Gamasutra continues to spill more information from the interview they conducted with Bill Roper during GDC China, with this five-page installment primarily covering his MMO development experience, the flaws in the current publisher/developer funding system, and a few other related topics.
Do you think there's a structure that can be put in place? Or do you think that things like you discussed, like tech being idiosyncratic, or game design style being idiosyncratic to developers, is going to be too much of a stumbling block?
I mean, obviously, they have the guilds and stuff in Hollywood. Their whole system is designed to ramp up, ramp down, and to bring people on at the right times, as we all know.
But you don't need a pool of artists at the beginning of a project. You burn through so much money so fast, with nothing to do until you enter into actual production.
BR: I think where we have seen companies try to do that is through outsourcing. So, art is a great example of that. And we really tried this at Flagship. Our intention was to do almost all outsourcing. We were like, "We're going to have like two or three artists. We're going to have a concept guy, an art lead, and a technical artist. And then we're going to outsource everyone else."
We found that there were certain things where, "Okay, we really can't wait for turnaround." You start finding ways that you have to have people more involved, or there's a certain way you want your art done, and you haven't found the right outsourcer the way you want it. "Screw it, let's just... We'll hire our own guys and teach them."
I think that's the way that you would have to make it work, to just say, "Look, here's the core team of guys in my company. These are the creative and the leads on our projects. And then when we ramp up, yes, we're going to go get..." Art is the easier one. Sound and music are easier. Programming, the most difficult, you know. Design, somewhere in between. So, there's always going to be a certain size you're going to have to maintain.
The tricky part is the down-ramping, right? If there was a way where you could -- and I think this is especially vital in the West -- say, "Great. Now we need to be making additional content. Here are all the tools. Here's the engine." Because by that point, things are really in place, right.
If you could have the ability to say, "Here are a couple of my design guys, one of my programmers, a small team of three or four guys. You're going to run this other outsource team because it's going to be far more cost efficient. Here's what I want. Here's the next content thing I want. You guys run that with these other..." You could have the smallest amount of the highest priced resources involved.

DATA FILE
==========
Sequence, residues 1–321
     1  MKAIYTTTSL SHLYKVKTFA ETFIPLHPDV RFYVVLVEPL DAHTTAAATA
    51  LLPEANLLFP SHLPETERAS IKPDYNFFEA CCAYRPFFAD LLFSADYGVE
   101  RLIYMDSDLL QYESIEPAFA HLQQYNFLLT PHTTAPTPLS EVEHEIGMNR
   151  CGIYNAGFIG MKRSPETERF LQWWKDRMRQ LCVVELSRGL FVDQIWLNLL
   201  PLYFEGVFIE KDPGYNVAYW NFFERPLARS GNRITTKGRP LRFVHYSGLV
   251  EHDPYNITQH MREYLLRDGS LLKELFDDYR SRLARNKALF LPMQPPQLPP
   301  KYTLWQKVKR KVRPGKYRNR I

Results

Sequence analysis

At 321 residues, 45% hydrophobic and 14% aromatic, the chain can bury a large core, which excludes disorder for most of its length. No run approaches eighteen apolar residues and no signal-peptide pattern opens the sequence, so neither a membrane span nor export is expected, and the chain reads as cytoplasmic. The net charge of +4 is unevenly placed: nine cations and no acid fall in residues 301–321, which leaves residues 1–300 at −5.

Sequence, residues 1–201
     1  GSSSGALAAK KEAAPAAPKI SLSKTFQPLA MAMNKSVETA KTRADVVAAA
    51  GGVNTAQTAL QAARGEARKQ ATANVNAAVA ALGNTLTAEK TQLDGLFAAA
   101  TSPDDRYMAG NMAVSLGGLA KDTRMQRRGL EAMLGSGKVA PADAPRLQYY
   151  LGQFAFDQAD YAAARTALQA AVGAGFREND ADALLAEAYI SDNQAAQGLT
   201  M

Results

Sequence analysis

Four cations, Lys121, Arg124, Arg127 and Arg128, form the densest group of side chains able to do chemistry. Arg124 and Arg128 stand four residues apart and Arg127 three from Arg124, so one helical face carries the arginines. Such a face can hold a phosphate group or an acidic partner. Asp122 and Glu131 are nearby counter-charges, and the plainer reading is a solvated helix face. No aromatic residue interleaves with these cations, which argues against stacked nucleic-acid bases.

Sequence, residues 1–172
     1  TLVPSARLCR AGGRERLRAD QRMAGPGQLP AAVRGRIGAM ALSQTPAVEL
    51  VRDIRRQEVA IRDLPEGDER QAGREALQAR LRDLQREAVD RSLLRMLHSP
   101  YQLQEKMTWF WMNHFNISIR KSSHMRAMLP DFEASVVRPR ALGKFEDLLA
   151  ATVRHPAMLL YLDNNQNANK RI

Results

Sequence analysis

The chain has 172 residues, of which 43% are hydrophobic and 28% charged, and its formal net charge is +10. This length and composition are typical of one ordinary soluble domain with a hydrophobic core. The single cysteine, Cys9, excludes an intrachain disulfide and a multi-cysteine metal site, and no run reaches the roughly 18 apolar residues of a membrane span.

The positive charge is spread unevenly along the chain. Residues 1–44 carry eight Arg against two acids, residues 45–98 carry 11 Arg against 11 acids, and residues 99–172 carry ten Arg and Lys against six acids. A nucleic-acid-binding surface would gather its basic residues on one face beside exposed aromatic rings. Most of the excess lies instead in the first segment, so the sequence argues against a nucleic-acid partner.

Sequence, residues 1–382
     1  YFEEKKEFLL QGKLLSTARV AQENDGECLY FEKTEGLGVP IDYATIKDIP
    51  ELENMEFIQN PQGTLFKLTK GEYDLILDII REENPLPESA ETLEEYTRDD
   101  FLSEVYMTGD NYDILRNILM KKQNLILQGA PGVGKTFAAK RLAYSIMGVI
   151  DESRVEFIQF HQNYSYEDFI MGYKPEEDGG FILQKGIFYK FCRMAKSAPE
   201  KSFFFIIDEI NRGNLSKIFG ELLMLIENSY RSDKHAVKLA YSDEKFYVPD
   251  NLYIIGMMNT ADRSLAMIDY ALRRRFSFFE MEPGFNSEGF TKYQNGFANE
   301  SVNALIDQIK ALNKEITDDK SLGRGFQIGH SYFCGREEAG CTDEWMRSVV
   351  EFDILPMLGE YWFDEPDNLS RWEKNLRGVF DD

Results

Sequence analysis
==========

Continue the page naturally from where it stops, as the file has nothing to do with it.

I think the challenge is that isn't what ends up happening. You end up taking your whole company and focusing on that product. So, it's hard to roll onto anything new. Again, it's very specifically [like this] in the MMO space. It's hard to roll onto anything new. You're tying up all your best people in things that honestly they shouldn't be tied in.
My lead programmer shouldn't be fixing bugs for a product that's been out for six months. He should be working on what's the next innovation. But sometimes you're just trying to manage costs, so you have the team as small as you can. "I can't free you up to go work on the next cool thing. I honestly need you to fix this stupid bug." Not stupid because it's in the game and it's affecting players, stupid because it's like, "I could have a junior programmer fix this, but we don't have any because we had to cut back."
MMOs are an incredibly difficult creature for anybody. I think that's because of the cost association that's exacerbated in the West. That's why I think they operate better here [in China], they re-use technology, they're not afraid to just go, "Yup, we're going to build like 10 off the same engine," or whatever. Yes, they all look kind of similar, but there are different games. They're not afraid to use good mechanics that work. And they can maintain larger staffs for less investment. I think that's a huge thing.
I think the tech thing is a big thing in the West, too. I think Cryptic was very smart because they have a very good set of tools. They have a very good engine. They had a very good backend. And the idea was, they were like, "This is going to be a platform."
But one of the first comments that came out, when Star Trek Online came out, were people saying like, "Well, it's just Champions re-skinned." I mean, gameplay-wise, not at all! But when you show it, it's like, "Well, yeah, we just kind of used the interface placing." Like there were enough similarities where I sort of understand what that actually meant.